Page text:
Biographical Non-Fiction posted March 1, 2024

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It was a long time ago, but I still remember it vividly

The Hold Up

by mortman

It was 1983, and my ‘green’ employee status was widely known and often ridiculed by my work colleagues in the local branch of a very large, publicly owned bank. The ridicule was understandable, I suppose, given my painfully extreme shyness, and the fact I was only six months out of high school. I had very little experience in anything, let alone how to deal with seasoned fellow employees and more importantly, real members of the public.

After my boss reluctantly acquiesced to me advancing from balancing the mail to fronting the dreaded enquiry counter, I knew it was going to be a debacle. And it was. My very first customer asked me something so benign, so innocent, so simple, that a third grader with no banking experience would have had no trouble in offering an intelligent answer. As for me, I opted for abject incompetence, my face instantly combusting into a crimson furnace of embarrassment.

I know that all sounds pretty bad, and it was, but I have to admit, my enquiry counter mentor, whose name I will not tarnish here (Helen), could not find a situation more amusing if she’d sat on a bed of feathers. The customer in question had a similar reaction. Both, it has to be said, bore their amusement in a spirit of good natured ribbing, which I’ll admit I still find to this day, a profoundly comforting memory.

I digress. The real reason for this story is to tell you about what happened one rainy Monday morning at around 11.45am. It should be said that banks in 1983 were very different beasts compared with the digital hotel lobbies of today. Cash was king. Everyone paid in cash, businesses received cash, and banks took in the cash. Electronic banking and card-tapping payments were a distant fantasy. The easy, disposable, anonymous nature of cash therefore attracted its own particular type of criminal element: the armed bank robber.

This is how it happened: I was seated behind the enquiry counter, concentrating intently on completing a preliminary balancing of the mail (yes, I still had this responsibility), when I heard a loud thud. As if the enquiry counter wasn’t terrifying enough, I looked up to see to see two large, ugly brown leather boots on the counter where there should have been a customer’s terrifying visage.

A black plastic garbage bag was thrown in my face with the order “Fill it! Now!” I pulled the bag off my face with my thoughts in total nonsensical disarray – fill a passbook? A check book? Fill a coin counting machine? I could feel my face reddening as yet another difficult and challenging customer request fell upon me.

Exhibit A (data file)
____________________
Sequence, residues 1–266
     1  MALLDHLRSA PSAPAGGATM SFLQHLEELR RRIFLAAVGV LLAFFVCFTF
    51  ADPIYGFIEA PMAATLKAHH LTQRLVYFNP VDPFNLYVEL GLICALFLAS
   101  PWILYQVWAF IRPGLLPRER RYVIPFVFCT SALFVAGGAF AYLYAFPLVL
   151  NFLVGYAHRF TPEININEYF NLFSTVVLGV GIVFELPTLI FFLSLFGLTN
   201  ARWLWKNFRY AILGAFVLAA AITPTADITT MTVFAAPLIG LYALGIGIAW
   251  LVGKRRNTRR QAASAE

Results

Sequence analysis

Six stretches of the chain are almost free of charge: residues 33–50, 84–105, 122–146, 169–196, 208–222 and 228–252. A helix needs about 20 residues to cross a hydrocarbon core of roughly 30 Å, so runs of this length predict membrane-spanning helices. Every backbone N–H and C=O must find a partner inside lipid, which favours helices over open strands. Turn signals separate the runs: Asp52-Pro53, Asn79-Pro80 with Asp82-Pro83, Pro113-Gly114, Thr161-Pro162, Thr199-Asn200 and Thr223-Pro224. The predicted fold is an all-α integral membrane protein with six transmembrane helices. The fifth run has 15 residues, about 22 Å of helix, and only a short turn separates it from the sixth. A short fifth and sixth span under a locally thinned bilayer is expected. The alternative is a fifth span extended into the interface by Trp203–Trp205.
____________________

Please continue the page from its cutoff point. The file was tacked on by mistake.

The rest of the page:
“Move!” he screamed, and that’s when I noticed the twin barrels of a sawn-off shotgun pointing at a location roughly akin to the center point between my eyes. I have to say, and I’m quite proud of this fact, my bowels remained intact, and I rose to my feet.

Clutching the plastic bag in one hand, I made my way to the bank of tellers, who, I suppose, were lined up a bit like a smorgasbord, at least as far as a bank robber is concerned. By this time, my boss had arrived on scene and between him and me and the tellers, we started stuffing the plastic bag with cash. At one point, which I later had to embarrassingly explain to the detectives, I dropped a wad of cash on the floor, but rather than leave the bank’s money there, I chose to get on my knees and dig it out of some grimy corner and place it in the robber’s bag. I guess I just wanted to please.

To everyone’s great relief, the robber left the building with his cash but without physically hurting anyone. That’s not to say we were left unscathed.

I recall the detectives asking me for a statement, which I gave in great detail, including my aforementioned generosity with the bank's money. My thoughts poured out much faster than he could type, and even now I can’t really vouch for its accuracy. It was a very surreal time. I recall my boss saying how important it was to phone my parents or any other loved ones as it would be all over the news by now. I recall phoning my father although I can’t remember any great concern on his part. I recall the bank insisting we reopen that very afternoon and continue serving the public. That was probably the hardest and scariest part. Every single customer that came in that afternoon, be it a young shopkeeper, an old grandfather, a local tradesman, a schoolgirl – all of them were viewed with extreme suspicion, knowing with an illogical certainty that descent into unprovoked violence could happen at any time.

The following day, these suspicions slowly disbursed, and I was left with just the normal terror of regular customer service. I do admit to becoming more confident as time went on. The robbery eventually became a kind of status symbol (as strange as that sounds). A coming of age, perhaps? Something like that, I guess. It’s a bit like a hole in one in golf – it’s a lottery and not everyone gets to enjoy one, only the chosen ones (lucky or unlucky, you decide). At least I can say that no one since then has ever pulled out a shotgun and thrown a garbage bag in my face, and for that, I am eternally grateful.

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I'm probably breaking some laws, but the pic is the actual photo taken by the security cameras.
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